At times I feel our ports have been left behind in the mainstream tech conversations across industries. However, a clued in stakeholder will know how technology is going to disrupt our basic business functioning and that the transformation is nearer than it seems. The good part is that in India, the government got the timing right in terms of larger initiatives to transform ports. The Sagarmala programme is driving improvements at government-owned ports, while Bharatmala and Dedicated Freight Corridors (DFCs) will provide impetus to hinterland connectivity at Indian ports. DFCs will also provide higher capacity, speed and priority to cargo movement, which will have a substantial impact on the efficiency of cargo movement.
There has been continued focus on using diverse modes of transportation, which are not only environmentally friendly and enhance logistics efficiency, but also support and take advantage of our ports. Relaxation in Cabotage Law is driving coastal movement of goods (ships flying foreign flags now don't need to get a licence to carry out coastal shipping in India), enhancing ease of doing business. Recently, containers were moved from Kolkata to Varanasi through inland waterways. This has only begun and we are going to see a combination of inland waterways and coastal shipping changing the way we move goods within the country as well as to and fro from ports.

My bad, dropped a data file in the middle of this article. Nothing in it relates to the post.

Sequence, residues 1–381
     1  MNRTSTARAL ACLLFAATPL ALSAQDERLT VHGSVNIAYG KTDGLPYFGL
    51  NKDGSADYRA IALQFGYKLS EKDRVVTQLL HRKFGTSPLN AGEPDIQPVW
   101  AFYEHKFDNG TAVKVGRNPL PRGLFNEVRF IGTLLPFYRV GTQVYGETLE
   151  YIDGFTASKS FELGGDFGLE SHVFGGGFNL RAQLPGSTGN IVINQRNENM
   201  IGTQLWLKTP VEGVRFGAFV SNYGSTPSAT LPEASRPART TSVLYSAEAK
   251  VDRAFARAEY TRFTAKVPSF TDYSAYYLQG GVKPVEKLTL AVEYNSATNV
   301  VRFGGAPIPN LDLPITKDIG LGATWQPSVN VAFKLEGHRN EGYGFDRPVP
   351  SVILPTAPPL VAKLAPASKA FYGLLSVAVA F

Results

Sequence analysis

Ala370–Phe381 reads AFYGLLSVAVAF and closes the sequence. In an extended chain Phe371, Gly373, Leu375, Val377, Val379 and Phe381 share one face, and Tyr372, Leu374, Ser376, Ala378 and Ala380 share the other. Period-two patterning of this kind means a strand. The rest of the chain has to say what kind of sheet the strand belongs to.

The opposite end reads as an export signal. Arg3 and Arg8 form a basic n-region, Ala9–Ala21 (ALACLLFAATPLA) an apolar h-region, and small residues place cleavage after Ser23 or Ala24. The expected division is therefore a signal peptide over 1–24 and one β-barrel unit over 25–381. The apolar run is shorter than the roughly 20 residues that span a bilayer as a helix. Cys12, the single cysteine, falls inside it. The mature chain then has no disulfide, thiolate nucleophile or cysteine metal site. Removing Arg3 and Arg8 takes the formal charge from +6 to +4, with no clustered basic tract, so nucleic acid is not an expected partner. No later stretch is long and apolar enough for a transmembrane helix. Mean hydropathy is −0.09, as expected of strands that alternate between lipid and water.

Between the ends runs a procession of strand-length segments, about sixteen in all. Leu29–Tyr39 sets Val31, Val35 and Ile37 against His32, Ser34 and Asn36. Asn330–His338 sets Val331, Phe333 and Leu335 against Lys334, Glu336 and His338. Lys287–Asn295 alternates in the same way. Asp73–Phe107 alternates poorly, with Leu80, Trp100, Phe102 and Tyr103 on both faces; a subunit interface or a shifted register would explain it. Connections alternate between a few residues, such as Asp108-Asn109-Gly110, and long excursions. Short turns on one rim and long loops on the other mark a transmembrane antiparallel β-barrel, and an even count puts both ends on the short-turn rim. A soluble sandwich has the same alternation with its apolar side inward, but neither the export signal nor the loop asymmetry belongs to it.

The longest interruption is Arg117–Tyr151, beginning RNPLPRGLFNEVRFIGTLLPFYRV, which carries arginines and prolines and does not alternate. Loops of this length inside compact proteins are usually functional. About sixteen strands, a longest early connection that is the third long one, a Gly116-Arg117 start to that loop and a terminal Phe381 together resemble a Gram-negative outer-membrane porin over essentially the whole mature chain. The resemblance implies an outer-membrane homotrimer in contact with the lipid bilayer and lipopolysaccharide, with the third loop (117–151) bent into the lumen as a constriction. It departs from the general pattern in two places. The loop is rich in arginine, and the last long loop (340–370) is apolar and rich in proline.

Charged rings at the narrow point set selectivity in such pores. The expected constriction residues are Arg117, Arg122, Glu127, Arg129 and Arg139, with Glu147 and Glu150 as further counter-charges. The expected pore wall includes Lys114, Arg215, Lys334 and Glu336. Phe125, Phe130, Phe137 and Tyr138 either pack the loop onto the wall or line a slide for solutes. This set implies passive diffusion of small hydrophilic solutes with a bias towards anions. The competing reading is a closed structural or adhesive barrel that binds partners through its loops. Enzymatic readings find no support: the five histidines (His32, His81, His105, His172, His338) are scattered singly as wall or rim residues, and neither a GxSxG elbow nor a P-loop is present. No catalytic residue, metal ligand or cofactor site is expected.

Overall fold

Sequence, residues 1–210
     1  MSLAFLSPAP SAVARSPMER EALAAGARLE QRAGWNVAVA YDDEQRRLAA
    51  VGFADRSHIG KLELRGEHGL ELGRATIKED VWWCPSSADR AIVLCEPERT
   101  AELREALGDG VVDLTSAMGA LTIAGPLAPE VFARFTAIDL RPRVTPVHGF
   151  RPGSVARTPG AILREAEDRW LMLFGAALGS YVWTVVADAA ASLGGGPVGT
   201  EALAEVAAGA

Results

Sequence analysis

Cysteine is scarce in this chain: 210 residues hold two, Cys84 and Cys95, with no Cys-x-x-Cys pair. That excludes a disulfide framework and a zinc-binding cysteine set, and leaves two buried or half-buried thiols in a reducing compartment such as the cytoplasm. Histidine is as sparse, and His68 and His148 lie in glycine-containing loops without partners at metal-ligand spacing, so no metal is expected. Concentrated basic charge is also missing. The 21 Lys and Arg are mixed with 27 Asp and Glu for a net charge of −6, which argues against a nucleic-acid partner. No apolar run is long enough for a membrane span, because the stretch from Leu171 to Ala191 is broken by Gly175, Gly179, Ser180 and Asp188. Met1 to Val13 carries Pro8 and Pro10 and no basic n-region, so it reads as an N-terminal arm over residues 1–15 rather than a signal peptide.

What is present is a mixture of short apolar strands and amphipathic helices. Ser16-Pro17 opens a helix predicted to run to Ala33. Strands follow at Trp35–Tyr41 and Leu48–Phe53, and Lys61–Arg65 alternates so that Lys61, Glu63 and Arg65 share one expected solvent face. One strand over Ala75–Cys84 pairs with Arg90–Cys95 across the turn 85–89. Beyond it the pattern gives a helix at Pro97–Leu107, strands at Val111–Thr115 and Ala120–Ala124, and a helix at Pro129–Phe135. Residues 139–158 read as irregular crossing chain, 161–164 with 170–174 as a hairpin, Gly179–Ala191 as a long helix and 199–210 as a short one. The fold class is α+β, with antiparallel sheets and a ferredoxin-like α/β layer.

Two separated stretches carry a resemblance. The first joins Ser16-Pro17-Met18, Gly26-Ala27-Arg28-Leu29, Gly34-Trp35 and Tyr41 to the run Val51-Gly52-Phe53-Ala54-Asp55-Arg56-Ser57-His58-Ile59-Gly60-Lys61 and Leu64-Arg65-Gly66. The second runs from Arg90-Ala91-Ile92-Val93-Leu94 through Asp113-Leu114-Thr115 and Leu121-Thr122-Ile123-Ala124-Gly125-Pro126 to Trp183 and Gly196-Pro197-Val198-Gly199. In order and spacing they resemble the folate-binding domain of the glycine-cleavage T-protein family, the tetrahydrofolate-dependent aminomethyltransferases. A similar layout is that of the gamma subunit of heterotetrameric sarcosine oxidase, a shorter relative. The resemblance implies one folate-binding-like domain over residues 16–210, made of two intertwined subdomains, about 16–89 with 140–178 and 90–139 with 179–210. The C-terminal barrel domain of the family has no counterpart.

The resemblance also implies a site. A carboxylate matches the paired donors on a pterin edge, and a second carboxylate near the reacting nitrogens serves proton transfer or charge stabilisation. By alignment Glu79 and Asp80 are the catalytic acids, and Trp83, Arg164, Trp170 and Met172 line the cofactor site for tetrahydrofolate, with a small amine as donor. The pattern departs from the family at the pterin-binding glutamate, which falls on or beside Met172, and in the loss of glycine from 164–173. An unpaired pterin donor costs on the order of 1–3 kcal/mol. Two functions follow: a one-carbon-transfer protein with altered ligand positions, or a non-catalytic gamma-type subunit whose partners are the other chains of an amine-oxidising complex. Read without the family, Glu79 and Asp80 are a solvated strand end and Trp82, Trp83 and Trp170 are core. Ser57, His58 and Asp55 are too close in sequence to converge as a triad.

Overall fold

There are other interventions that are showing an impact on the ports and logistics ecosystem. The combination of GST, E-way bill and use of RFID (radio-frequency identification) tags at toll plazas are some steps that are smoothening movement of goods, directly affecting efficiency and planning at ports.
In all directions
Tech disruptions in ports and shipping sector are comparatively less discussed than in other industries, but the potential impacts are huge. Technology is not a standalone function anymore. A combination of IoT and big data analytics is such an example. Sensors are used on equipment to capture all possible data, which then goes through advanced analytics to produce actionable insights that can improve operations.
Digital transformation has potentially profound implications for port operations and management. Key technologies supporting digitisation in ports and maritime transport business include innovations such as IoT, robotics, automation, artificial intelligence, unmanned vehicles and equipment, and blockchain. Interventions like these will help optimise traffic, increase operational efficiency, transparency and speed, automate processes, and reduce inefficiencies and errors.
There are three broad areas in which future ports will see the impact of innovative technologies. These are:
The future of ports and shipping would be materially different. Automation in container terminals is already taking place across key ports around the globe, thus improving their productivity and efficiency to secure a competitive advantage, while also being environmentally friendly and reducing carbon emissions through clean technology. Adani's container port at Vizhinjam in Kerala will be India's first semi-automated container terminal and we look forward to ramping up the existing operating business with minimum opex, higher reliability, improved efficiency, higher safety and enhanced sustainability.
The writer is CEO, Adani Ports and Special Economic Zone
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